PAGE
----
William F. Buckley Jr. , the King of All Conservatives, died this week at 82. He's the man who basically invented the modern conservative pundit platform when he created The National Review in 1955. Those were the days when conservatives were basically of the "small government, fiscal responsibility" variety.
However the world that Buckley came up in, that of Goldwater who beget Reagan, has gone off the rails of the Crazy Train. Buckley was nothing if not a gentleman, but today's neo-cons love to throw barbs and make outrageous statements (i.e. Bill Cunningham, Ann Coulter). Even today certain conservatives are questioning John McCain's CITIZENSHIP.
Coulter is not worth my time to explain how she's just a hate monger. Cincinnati radio host Cunningham (pictured) is impressive in his destructiveness – not only did he put the future Republican nominee in a bad situation by hammering home Barack Obama's middle name when introducing McCain but he's also made anyone who's ever made a living in radio look like a complete tool.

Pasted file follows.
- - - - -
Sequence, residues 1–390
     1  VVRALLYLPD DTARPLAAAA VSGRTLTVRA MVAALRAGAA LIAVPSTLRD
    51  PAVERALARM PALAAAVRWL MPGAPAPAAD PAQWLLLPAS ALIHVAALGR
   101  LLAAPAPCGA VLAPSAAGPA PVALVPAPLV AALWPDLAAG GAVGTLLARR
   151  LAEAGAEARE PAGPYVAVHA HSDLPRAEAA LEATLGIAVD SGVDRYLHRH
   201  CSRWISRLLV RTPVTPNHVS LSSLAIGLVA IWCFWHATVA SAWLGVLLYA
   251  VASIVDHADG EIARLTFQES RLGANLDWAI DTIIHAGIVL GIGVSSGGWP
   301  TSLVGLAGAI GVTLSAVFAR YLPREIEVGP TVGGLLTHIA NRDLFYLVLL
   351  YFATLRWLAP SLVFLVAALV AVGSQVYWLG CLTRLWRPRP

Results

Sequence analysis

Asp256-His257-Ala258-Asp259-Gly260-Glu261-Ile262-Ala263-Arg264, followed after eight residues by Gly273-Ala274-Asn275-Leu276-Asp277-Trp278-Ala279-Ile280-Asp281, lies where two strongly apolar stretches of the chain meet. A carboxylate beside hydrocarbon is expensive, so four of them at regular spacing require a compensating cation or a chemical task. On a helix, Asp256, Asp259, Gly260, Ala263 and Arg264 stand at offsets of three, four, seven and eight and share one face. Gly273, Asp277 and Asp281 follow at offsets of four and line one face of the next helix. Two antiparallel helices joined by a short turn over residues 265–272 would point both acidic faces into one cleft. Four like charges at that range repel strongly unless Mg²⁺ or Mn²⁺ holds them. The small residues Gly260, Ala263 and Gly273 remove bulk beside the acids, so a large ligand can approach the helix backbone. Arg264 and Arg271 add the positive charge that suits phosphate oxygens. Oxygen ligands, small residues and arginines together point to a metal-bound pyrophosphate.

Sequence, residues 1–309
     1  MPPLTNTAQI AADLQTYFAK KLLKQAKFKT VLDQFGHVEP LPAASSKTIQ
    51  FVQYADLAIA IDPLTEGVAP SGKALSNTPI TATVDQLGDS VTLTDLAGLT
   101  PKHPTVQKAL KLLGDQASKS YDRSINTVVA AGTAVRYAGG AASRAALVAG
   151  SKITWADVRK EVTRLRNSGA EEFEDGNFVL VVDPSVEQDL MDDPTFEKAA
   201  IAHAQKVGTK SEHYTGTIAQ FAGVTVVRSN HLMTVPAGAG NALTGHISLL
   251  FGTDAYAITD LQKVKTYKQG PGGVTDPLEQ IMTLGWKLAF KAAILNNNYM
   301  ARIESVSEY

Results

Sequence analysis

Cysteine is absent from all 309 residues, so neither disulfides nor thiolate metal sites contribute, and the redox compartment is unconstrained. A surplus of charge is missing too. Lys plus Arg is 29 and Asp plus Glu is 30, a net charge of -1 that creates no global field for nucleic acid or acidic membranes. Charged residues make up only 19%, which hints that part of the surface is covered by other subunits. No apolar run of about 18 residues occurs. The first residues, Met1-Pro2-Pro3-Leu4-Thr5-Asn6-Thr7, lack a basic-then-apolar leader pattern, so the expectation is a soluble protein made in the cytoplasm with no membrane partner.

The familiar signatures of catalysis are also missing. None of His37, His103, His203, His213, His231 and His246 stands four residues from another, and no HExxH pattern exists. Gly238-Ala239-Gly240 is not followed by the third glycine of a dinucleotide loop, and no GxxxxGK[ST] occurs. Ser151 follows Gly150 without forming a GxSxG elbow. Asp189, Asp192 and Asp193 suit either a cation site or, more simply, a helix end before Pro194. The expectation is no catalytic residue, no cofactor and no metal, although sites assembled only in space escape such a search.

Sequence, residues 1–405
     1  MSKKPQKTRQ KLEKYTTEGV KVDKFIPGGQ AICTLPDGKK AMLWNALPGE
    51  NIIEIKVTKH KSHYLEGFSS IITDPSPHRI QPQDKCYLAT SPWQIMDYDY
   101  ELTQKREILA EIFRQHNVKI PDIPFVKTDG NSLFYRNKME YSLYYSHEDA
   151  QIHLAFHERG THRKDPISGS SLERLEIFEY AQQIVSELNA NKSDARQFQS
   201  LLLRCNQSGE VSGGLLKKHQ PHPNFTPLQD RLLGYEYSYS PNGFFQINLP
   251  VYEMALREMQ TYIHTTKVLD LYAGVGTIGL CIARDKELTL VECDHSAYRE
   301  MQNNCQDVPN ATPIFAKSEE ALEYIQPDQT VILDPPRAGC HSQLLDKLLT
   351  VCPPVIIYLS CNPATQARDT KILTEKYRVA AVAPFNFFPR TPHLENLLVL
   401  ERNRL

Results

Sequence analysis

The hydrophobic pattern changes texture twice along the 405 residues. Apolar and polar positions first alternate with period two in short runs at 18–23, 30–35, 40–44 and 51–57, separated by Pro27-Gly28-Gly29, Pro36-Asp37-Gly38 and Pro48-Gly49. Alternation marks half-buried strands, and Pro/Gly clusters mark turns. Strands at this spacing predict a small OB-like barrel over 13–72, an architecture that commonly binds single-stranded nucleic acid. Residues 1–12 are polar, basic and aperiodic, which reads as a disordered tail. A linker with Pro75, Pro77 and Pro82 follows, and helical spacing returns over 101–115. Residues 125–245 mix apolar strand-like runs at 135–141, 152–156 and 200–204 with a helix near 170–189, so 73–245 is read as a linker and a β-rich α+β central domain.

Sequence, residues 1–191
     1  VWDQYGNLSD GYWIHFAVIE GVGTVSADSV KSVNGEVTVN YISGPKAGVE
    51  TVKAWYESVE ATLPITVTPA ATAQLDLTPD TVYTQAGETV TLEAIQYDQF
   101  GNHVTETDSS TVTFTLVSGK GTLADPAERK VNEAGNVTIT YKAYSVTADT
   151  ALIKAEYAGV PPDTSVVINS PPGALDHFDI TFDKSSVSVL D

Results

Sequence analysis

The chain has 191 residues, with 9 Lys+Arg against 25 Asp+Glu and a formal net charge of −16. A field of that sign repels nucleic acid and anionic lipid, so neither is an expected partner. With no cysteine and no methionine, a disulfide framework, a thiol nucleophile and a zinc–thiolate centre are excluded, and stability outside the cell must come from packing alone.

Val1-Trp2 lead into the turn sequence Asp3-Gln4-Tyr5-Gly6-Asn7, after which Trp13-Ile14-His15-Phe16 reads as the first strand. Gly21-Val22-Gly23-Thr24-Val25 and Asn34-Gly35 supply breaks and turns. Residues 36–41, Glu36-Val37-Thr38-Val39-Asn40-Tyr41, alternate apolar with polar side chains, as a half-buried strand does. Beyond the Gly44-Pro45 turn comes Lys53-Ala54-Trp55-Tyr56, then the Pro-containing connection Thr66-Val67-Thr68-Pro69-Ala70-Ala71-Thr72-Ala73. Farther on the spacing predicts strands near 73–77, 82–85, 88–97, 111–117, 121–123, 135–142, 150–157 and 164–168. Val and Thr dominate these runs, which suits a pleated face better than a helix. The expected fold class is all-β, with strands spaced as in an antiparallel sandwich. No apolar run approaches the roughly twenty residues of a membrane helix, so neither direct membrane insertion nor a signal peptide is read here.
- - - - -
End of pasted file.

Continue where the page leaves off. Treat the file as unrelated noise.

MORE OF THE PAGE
In Robert Semple's obit of Buckley he writes that he "hated most of what the liberals stood for. He didn’t hate them." That's a powerful statement. Every college frosh loves to throw around Voltaire's famous quote about free speech when the issue of uncivilized discourse is brought up. But with every overused example there lies a certain truth. Disagree yes, be disrespectful, no. And there's no way you can convince me that Buckley was the least bit satisfied with his offspring: Limbaugh, Cunningham, Hannity, Fox News, Coulter et al.
Hateful attacks, smears, rumor mongering these are the weapons of today's conservative. Hardly the legacy Mr. Buckley thought he'd leave behind.